The Lagos Chamber of Commerce & Industry heartily felicitates with Nigeria on the appointment of Dr Ngozi Okonjo-Iweala as the Director General of the World Trade Organization (WTO). It is a great delight being the First Female and First African to head the WTO since its formation in 1995 [replacing the General Agreements on Tariffs and Trade (GATT), which commenced in 1948].
Dr Okonjo-Iweala’s emergence comes at a time when the global trading system is faced with numerous challenges including supply chain disruptions precipitated by the coronavirus pandemic, rising protectionism & unilateralism, growing economic nationalism, imposition of trade restrictions covering substantial amount of international trade, as well as trust and credibility concerns among members.
Africa has peculiar challenges in the global trade arena. The continent is deeply integrated into the global supply chain and this underscores the low participation level of African economies in international trade. According to the United Nations Conference on Trade and Development (UNCTAD), Africa’s trade with the global community between 2015 and 2017 stood at an average of $760.1 billion, compared with Asia ($6.8 trn), America ($5.1 trn) and Europe ($4.1trn). These numbers indicate that Africa is not a major player in global trade. As such, it is very pertinent for African economies to build capacity within the continent in order to take advantage of the opportunities in global trade.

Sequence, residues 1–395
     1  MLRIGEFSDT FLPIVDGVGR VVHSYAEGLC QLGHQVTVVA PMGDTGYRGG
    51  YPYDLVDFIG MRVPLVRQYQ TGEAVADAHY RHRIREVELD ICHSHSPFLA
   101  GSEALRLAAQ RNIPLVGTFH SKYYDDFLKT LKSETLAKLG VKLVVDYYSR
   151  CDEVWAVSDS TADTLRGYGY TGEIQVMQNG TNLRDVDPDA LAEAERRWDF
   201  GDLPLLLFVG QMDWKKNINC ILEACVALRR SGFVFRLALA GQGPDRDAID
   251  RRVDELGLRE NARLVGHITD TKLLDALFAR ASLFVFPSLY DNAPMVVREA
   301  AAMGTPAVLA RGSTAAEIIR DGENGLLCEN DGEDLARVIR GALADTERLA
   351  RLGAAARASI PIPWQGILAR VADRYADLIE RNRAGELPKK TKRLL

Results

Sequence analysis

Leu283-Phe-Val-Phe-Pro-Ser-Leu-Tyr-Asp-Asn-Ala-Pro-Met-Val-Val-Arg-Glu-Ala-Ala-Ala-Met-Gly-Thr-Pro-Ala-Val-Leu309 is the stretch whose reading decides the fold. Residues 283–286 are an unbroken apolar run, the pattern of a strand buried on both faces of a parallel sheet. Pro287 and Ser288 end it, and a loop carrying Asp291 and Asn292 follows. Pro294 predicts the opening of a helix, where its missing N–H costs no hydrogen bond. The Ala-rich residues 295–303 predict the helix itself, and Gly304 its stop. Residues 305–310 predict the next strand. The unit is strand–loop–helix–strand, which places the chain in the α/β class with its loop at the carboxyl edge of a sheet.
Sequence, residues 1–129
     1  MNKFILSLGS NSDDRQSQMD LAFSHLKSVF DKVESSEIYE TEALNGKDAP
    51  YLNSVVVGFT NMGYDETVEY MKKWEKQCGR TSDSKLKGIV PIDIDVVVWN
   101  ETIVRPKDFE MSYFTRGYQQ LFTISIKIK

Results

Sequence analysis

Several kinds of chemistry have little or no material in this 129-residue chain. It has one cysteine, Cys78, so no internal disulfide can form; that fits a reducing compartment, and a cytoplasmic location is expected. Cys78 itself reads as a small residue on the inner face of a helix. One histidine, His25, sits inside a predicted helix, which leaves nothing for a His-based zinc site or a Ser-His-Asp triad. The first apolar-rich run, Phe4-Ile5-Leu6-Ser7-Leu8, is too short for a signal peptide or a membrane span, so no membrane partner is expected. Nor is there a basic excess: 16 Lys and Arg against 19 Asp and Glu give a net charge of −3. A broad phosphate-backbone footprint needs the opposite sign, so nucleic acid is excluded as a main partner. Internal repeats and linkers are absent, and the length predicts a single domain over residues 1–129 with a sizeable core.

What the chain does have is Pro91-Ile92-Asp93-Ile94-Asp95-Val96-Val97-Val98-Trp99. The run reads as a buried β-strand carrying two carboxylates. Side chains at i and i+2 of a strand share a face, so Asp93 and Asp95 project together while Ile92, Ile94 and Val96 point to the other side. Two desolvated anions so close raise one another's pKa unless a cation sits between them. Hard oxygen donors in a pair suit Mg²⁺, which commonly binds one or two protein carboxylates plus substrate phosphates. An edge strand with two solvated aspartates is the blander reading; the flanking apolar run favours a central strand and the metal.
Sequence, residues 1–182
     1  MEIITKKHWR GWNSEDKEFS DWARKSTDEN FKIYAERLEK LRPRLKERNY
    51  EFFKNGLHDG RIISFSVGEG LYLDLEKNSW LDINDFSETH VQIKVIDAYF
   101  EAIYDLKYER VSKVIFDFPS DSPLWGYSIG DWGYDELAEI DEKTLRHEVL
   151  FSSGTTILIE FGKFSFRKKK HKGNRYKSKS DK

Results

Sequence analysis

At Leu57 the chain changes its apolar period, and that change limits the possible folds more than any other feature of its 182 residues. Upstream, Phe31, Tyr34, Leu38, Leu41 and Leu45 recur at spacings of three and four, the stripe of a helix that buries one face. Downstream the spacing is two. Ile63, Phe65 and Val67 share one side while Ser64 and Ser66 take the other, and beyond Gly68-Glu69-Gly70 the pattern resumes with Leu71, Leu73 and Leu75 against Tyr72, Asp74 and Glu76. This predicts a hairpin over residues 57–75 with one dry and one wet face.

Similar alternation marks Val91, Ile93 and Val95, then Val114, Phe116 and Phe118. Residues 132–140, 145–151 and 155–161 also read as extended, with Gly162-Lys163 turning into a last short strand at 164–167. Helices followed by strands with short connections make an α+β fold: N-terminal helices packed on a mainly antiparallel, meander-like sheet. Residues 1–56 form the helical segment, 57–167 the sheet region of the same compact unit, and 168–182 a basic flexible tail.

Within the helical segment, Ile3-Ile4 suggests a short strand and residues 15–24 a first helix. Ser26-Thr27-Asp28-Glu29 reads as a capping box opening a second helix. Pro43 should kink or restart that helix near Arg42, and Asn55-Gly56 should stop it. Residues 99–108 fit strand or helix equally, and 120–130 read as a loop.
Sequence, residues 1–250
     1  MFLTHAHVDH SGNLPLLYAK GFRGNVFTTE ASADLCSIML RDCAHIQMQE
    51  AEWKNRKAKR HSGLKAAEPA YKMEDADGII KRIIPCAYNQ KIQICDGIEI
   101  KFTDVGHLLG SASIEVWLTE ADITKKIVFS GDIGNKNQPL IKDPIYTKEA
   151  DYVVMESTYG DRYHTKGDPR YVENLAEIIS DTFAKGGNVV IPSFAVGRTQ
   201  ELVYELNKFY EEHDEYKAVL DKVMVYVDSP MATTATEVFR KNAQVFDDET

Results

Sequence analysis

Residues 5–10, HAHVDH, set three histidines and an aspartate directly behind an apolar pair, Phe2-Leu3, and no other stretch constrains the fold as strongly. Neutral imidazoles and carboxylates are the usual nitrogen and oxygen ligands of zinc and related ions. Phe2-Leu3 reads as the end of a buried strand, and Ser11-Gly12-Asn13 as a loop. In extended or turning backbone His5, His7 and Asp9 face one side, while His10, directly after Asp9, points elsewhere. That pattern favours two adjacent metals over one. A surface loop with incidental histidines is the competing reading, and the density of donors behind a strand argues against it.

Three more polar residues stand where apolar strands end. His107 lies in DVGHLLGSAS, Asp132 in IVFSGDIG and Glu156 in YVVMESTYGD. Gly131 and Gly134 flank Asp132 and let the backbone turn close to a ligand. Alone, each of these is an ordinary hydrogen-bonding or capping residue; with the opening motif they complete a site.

Nigeria’s share in global trade is even more insignificant. Our export structure is still largely dependent on crude oil, which accounts for about 50% of government revenue and 90% of foreign exchange earnings. More importantly, Nigeria’s non-oil exports are largely primary commodities with little or zero value addition. Thus, the prospects of tapping international trade opportunities remains dim. For Nigeria to fully take advantage of the opportunities offered by the World Trade Organization under the leadership of Dr. Okonjo-Iweala, it is imperative to ensure the following:
- We need to build capacity for international competitiveness of our products and services.
- Also imperative is the need to address trade facilitation issues, especially around port processes, ports infrastructures, international trade documentation, foreign exchange policies, trade policies and industrial policies.
- We need to promote local value addition and backward integration to strengthen competitiveness of our domestic industries.
- We must undertake reforms of our tariff policy in accordance with the principles of comparative advantage, which would enable the country optimise opportunities in the global trade arena and enhance the citizens’ welfare.
- It is critical to develop an AfCFTA strategy that would enable the country leverage trade opportunities both continentally and globally.
- There is need to improve on our strategy in managing the coronavirus pandemic ranging from ensuring compliance to safety protocols to vaccine procurement and distribution.
While the emergence of Dr. Okonjo-Iweala as the new WTO Director-General is very gratifying and calls for celebration, there is a need to manage expectations around the outcomes for the Nigerian economy given the numerous productivity and competitiveness issues the country is grappling with. Ultimately, these are the factors that would determine the benefits that would accrue to the economy from global trade.
DR MUDA YUSUF
LAGOS CHAMBER OF COMMERCE AND INDUSTRY
MONDAY 15TH FEBRUARY 2021